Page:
Whether it’s the lower divisions of the Australian Pro League or the World Cup itself, all levels of world soccer have a serious problem. The game has been infiltrated and compromised by gamblers and criminals simply looking to make money, and who lack any regard for the integrity of “the beautiful game.” They identify, approach, and build relationships with federations, referees, and players, reaching into all facets of football to manipulate results and reap millions upon millions in profits.
The practice of match fixing is one that has plagued world football throughout its history, and recently has reached epidemic proportions with the advent and popularization of online gambling. It’s the subject of the book The Big Fix: The Hunt For The Match-Fixers Bringing Down World Soccer, written by Brett Forrest. A former writer for Complex and currently a senior writer for ESPN The Magazine, Forrest began his quest with this simple question from his editor: why are there so many strange-looking scores in international friendlies?
Forrest’s mission to find the answer brought him to many different places, from Singapore to Australia to Qatar, as the practice of match fixing began to reveal itself as an overwhelmingly intricate system fueled by greed and controlled by some of the world’s largest and most influential crime syndicates. He spoke with the fixers themselves as well as those seeking to combat the problem with the limited resources they have, and he soon realized that this problem, so largely ignored by the general public, is actually a gravely serious threat to the game’s stability.
And, if you think that this practice can't reach up to the game's highest levels, you'd be dead wrong. Yesterday, the football federation for Cameroon announced that they were opening an investigation into possible fixing at the FIFA World Cup by an astounding seven of their players, with a particular focus on their 4-0 loss to Croatia.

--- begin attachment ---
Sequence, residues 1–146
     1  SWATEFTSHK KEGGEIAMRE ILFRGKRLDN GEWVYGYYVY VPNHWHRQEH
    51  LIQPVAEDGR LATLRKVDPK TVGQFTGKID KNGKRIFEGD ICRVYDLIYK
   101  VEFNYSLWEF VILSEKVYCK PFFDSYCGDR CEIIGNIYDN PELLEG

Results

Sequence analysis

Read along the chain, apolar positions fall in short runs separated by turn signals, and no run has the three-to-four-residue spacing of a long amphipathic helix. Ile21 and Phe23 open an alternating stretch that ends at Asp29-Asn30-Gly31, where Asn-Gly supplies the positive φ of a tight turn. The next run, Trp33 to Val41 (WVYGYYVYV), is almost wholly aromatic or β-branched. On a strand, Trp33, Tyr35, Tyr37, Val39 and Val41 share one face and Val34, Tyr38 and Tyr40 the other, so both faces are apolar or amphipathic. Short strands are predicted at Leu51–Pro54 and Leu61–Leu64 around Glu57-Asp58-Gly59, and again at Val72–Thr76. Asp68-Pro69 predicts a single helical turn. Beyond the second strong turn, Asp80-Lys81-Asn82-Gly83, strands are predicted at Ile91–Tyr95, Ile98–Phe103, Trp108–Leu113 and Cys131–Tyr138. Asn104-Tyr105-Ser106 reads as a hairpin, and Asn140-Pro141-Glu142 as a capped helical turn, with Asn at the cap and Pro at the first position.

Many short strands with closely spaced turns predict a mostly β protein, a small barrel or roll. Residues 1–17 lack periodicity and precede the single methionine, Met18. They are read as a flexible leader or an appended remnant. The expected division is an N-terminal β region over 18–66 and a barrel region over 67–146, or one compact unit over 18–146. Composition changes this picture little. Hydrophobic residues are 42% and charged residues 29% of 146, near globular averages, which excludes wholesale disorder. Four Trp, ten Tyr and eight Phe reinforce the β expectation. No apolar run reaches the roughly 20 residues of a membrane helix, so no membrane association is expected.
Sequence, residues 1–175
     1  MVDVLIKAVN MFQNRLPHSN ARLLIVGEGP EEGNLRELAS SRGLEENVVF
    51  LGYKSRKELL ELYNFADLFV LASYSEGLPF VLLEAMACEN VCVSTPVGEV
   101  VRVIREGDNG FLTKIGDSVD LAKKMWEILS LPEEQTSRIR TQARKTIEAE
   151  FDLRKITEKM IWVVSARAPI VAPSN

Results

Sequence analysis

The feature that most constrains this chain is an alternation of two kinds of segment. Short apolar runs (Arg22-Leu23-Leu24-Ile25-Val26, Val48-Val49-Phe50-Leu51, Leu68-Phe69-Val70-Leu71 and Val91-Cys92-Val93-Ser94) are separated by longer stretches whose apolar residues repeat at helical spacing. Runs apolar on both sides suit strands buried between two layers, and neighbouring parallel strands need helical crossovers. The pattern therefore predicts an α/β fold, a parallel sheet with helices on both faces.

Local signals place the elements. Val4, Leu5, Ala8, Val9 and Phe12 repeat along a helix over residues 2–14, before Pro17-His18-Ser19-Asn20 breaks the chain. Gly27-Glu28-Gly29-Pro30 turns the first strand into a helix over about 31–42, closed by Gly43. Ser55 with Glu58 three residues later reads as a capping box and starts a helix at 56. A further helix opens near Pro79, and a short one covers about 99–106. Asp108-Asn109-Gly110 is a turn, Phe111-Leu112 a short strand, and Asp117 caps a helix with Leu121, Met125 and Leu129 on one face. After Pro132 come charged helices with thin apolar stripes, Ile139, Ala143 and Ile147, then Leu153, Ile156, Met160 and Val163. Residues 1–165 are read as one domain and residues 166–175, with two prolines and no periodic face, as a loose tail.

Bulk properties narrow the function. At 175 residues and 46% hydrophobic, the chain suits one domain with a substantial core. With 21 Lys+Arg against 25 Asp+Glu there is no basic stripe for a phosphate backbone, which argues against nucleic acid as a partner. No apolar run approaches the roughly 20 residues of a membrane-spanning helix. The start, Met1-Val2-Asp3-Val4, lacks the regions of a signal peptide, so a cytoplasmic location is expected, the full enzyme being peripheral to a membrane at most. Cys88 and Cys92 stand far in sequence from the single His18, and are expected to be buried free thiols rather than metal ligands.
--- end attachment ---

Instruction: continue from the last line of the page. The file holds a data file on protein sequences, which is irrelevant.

We were able to catch up with Forrest recently to talk about the Cameroon scandal, as well as to learn more about match fixing and its implications going forward.Follow me on Twitter @dcsibor
What was your reaction to the news about Cameroon? Did you suspect anything while watching the game, or when you heard about the result?
The Alex Song red card infraction was odd. That struck me instantly as a strange one, especially as Song is a well-paid player with Barcelona. He earns about five million pounds a year--not the typical profile for a player engaged in fixing. Also, the legal betting market did not betray any signs of match manipulation. So there was no hard data that you could hang your hat on.
The only thing we have to go on is the allegation from Wilson Perumal, who allegedly sent a Facebook message to a German journalist before the game, predicting the score and the red card. Wilson has sent me similar messages in the past, predicting fixed matches before they occur. He has been right. He has been wrong. I know through my sources that this time, Perumal made two additional claims of World Cup fixed matches. One had the wrong score. The second was completely off-base. The third was the Cameroon game.
What to make of it? At this point, the investigation begins. I know that Facebook's security department is currently working to determine if Perumal himself sent the message from a verified account. And the Cameroon Football Federation has announced its own probe. What will come of that? Time and again, national soccer federations have looked into fixing allegations, only to sweep their findings under the rug in self-preservation. It says plenty about soccer's integrity that an allegation made by a convicted match-fixer is the catalyst for internal investigation. No one is minding the store.